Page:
Hong Kong Rebuff on Snowden Averts Chinese Strains With U.S.

Photographer: Philippe Lopez/AFP/Getty Images

A woman walks past a banner displayed in support of Edward Snowden in Hong Kong, China, on June 18, 2013. Close

A woman walks past a banner displayed in support of Edward Snowden in Hong Kong, China, on June 18, 2013.

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Photographer: Philippe Lopez/AFP/Getty Images

A woman walks past a banner displayed in support of Edward Snowden in Hong Kong, China, on June 18, 2013.

Hong Kong’s decision to let Edward Snowden leave despite a U.S. warrant for his arrest spared the city a legal battle that would have left it trapped between the competing interests of Chinese and American leaders.

In allowing the ex-National Security Agency contractor to board a flight to Moscow yesterday, Hong Kong no longer has to weigh American extradition demands against signs China didn’t want the city to give up Snowden, who exposed programs in which he said the U.S. monitored its own citizens and millions of Chinese text messages. The consequences include U.S. ire over the move and cast a spotlight on the city’s respect for legal procedures.

Hong Kong’s government yesterday found “no legal basis” to stop Snowden, less than two weeks after Chief Executive Leung Chun-ying said any extradition request would be handled according to the law. American senators decried the move and a Justice Department official said it raised concerns for the U.S.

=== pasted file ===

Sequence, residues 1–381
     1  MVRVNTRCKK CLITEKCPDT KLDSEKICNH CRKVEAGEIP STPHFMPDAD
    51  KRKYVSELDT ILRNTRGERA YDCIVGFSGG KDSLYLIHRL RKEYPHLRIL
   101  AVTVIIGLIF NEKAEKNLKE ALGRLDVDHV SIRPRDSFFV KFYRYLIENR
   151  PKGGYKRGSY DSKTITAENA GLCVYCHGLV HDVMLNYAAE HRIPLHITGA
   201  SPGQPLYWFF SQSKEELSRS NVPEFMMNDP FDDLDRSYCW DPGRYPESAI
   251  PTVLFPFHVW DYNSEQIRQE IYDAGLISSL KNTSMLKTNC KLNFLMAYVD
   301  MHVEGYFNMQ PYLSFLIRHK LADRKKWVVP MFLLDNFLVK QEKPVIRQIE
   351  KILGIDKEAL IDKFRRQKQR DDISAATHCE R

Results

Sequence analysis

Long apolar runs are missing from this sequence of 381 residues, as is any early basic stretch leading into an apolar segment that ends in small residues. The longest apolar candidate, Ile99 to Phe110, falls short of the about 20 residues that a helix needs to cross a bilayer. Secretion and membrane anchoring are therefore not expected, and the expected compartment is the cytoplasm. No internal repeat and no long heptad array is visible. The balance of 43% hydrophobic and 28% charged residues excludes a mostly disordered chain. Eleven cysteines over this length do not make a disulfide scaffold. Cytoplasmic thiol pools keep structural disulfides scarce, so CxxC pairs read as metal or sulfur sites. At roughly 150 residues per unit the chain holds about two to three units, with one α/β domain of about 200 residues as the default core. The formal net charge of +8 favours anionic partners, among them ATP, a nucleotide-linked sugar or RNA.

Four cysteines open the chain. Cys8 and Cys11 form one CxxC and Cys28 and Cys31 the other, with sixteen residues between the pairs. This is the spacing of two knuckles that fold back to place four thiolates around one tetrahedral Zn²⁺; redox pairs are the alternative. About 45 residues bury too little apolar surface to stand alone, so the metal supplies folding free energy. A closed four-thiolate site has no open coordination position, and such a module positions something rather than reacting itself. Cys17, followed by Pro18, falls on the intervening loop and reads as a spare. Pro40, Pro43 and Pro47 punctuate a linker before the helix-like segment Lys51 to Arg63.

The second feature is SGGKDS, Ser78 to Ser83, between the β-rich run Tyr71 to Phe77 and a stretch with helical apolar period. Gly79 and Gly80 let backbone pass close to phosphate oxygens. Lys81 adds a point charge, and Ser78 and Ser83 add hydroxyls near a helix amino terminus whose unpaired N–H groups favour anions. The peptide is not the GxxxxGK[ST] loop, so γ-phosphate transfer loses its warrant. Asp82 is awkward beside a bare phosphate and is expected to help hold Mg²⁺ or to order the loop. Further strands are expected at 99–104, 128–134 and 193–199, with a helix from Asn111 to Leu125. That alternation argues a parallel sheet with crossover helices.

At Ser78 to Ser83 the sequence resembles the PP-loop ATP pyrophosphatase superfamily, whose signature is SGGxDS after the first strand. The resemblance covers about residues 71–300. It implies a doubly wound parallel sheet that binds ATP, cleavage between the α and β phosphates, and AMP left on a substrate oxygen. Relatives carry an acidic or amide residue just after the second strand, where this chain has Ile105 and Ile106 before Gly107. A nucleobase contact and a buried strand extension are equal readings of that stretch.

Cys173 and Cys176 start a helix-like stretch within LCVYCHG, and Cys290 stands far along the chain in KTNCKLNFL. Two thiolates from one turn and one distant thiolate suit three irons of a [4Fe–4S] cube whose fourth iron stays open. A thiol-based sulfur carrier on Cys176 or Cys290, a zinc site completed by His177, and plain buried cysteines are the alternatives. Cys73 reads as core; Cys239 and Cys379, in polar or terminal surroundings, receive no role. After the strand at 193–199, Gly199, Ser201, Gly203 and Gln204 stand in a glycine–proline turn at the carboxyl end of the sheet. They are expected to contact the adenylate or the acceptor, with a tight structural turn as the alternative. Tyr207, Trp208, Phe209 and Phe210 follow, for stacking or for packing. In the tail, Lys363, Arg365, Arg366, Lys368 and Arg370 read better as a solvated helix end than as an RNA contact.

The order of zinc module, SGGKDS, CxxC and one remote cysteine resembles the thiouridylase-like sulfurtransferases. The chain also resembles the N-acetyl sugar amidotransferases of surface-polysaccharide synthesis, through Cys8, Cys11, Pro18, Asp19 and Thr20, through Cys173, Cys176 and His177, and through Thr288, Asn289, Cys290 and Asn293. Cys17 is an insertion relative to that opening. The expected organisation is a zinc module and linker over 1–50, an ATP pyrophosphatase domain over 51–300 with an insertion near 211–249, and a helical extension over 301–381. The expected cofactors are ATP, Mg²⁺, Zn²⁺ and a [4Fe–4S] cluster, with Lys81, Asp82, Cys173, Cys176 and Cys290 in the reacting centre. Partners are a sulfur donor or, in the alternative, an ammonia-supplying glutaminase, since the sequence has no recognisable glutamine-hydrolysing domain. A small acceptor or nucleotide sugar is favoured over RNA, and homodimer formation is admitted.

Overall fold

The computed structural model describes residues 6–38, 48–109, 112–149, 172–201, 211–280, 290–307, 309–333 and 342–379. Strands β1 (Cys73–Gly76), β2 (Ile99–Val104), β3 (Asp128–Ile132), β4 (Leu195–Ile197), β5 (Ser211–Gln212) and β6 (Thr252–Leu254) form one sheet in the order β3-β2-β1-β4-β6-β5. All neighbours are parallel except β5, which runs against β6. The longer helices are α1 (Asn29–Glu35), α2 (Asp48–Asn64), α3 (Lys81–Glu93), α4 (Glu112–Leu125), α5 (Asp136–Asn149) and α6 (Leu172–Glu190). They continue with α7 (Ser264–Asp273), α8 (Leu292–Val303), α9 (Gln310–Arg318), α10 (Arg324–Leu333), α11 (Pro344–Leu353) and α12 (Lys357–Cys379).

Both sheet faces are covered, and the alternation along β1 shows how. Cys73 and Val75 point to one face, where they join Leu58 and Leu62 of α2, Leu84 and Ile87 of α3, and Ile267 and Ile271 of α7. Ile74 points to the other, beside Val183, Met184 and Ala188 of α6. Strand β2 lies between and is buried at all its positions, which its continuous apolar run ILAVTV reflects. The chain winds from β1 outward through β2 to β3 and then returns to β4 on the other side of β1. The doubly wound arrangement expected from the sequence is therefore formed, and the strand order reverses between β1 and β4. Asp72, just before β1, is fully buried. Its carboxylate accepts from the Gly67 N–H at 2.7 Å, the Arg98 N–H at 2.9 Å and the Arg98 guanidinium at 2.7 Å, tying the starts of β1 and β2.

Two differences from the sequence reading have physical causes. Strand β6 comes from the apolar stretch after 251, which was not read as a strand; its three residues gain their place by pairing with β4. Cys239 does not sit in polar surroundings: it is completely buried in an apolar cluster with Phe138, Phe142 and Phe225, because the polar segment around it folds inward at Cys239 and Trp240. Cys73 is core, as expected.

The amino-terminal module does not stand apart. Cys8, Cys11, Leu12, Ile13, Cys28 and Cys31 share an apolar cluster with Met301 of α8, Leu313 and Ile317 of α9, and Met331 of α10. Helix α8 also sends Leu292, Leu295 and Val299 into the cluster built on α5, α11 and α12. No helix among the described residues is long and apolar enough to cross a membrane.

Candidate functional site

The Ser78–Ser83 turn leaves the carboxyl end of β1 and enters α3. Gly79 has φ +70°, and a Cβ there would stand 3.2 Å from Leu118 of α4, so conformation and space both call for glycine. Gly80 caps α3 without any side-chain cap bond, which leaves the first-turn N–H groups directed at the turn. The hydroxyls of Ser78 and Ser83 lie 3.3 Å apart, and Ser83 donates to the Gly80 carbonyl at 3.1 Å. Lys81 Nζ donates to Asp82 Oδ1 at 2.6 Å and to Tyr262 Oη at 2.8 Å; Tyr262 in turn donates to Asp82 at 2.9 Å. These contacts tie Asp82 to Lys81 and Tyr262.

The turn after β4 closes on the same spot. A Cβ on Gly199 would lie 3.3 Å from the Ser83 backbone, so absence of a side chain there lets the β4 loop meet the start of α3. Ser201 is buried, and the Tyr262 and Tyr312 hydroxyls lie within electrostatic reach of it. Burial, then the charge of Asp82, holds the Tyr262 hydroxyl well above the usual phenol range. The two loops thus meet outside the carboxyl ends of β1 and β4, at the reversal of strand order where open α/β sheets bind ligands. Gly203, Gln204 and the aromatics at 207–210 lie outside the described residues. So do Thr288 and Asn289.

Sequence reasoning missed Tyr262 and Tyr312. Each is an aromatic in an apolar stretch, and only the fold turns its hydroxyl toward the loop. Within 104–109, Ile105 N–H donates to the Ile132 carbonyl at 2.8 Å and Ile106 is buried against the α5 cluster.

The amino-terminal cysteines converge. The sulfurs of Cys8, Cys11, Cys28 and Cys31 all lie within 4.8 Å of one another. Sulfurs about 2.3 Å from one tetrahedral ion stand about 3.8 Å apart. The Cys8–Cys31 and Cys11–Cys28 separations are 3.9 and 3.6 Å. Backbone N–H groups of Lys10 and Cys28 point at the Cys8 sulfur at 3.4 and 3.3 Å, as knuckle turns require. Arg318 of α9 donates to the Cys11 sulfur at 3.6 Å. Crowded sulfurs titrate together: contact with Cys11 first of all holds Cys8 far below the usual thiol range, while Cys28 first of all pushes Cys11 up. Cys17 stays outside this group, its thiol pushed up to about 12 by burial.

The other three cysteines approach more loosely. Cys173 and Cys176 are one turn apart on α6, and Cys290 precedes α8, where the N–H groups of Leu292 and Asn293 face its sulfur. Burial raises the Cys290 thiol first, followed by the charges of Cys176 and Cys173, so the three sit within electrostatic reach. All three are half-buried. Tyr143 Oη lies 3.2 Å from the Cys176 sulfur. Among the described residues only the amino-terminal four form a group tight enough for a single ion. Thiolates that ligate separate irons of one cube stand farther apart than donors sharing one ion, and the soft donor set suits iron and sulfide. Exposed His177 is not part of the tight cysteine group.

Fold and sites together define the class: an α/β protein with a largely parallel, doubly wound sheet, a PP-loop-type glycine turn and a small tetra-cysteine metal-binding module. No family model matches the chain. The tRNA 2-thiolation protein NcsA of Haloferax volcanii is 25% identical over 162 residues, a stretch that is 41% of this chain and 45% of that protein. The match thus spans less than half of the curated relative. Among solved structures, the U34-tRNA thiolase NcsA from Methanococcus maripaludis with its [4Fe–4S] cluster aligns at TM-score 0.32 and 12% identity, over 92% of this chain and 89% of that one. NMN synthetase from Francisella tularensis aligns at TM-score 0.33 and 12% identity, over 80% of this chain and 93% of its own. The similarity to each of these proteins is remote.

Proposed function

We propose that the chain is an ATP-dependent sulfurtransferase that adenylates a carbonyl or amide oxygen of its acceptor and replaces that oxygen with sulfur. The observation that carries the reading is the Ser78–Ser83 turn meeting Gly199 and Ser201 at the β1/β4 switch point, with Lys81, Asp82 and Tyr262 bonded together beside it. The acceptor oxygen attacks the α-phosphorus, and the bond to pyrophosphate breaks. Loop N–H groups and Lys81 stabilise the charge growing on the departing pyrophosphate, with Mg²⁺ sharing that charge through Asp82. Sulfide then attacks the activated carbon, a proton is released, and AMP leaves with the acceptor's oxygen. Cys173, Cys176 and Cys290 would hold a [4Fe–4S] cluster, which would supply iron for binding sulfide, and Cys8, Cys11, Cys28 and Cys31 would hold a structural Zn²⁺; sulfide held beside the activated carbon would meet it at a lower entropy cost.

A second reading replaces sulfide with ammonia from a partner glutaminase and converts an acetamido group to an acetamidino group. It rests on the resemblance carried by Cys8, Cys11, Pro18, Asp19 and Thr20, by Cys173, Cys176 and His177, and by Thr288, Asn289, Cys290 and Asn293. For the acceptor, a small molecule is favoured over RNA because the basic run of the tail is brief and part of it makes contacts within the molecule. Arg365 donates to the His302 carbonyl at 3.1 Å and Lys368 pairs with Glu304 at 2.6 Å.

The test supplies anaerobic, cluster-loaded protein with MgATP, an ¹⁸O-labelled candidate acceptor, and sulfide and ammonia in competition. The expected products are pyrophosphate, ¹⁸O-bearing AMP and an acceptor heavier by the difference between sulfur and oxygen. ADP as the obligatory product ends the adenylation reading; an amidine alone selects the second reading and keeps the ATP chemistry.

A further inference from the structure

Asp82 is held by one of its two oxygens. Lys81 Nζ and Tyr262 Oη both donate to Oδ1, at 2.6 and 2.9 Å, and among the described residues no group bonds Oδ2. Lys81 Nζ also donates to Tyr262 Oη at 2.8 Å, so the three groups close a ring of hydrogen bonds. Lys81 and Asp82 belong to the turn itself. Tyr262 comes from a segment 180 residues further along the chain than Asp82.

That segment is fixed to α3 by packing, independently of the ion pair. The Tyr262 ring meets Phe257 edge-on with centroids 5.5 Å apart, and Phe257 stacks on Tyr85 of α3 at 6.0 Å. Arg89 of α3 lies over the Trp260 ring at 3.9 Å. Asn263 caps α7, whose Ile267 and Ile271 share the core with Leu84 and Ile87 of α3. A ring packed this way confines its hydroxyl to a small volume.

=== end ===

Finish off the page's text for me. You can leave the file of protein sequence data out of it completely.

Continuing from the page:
“It’s a neat option from the Hong Kong government’s point of view but there are also consequences,” Willy Wo-Lap Lam, a politics professor at the Chinese University of Hong Kong, said by phone. “The decision risks being judged as a pretext and not respecting the rule of law and also not respecting the spirit of the extradition agreement with the U.S.”

Hong Kong said the U.S. arrest warrant didn’t meet legal requirements. The Justice official, asking not to be named due to the sensitivity of the issue, said U.S. authorities believed the documents provided for the extradition request met the requirements of the agreement between the two countries. Discussions between the two countries over how and why the incident occurred will continue, the official said.

Political Asylum

Snowden, 30, landed in Moscow yesterday evening. He requested political asylum in Ecuador, that nation’s foreign minister, Ricardo Patino Aroca, said in a posting on Twitter. While Snowden’s revelations sparked espionage charges in the U.S., China’s state media said an extradition would tarnish Hong Kong and highlighted that his actions were applauded worldwide.

Hong Kong’s dilemma arose in part from the “one country-two systems” arrangement under which it has its own legal system even as China retains ultimate sovereignty and dictates its foreign policy. At the same time, it has an extradition treaty with the U.S. that dates back to 1996, the year before it returned to Chinese control.

“China clearly had a role in this, in my view -- I don’t think this was just Hong Kong without Chinese acquiescence,” Dianne Feinstein, a Democratic senator from California and chair of the Senate Intelligence Committee, said in an interview on CBS’s “Face the Nation” yesterday.

China Involvement

Charles Schumer of New York, the third-ranked Democrat in the Senate, said “very disappointing what Hong Kong has done,” on CNN’s “State of the Union” program. “I have a feeling the hand of Beijing was involved.”

Hong Kong had been asked to detain Snowden, charged with exposing a secret government electronic-surveillance program, while the extradition request was being completed, according to two U.S. officials familiar with the matter. Snowden’s leaks revealed how the NSA collects data under a U.S. government program code-named PRISM.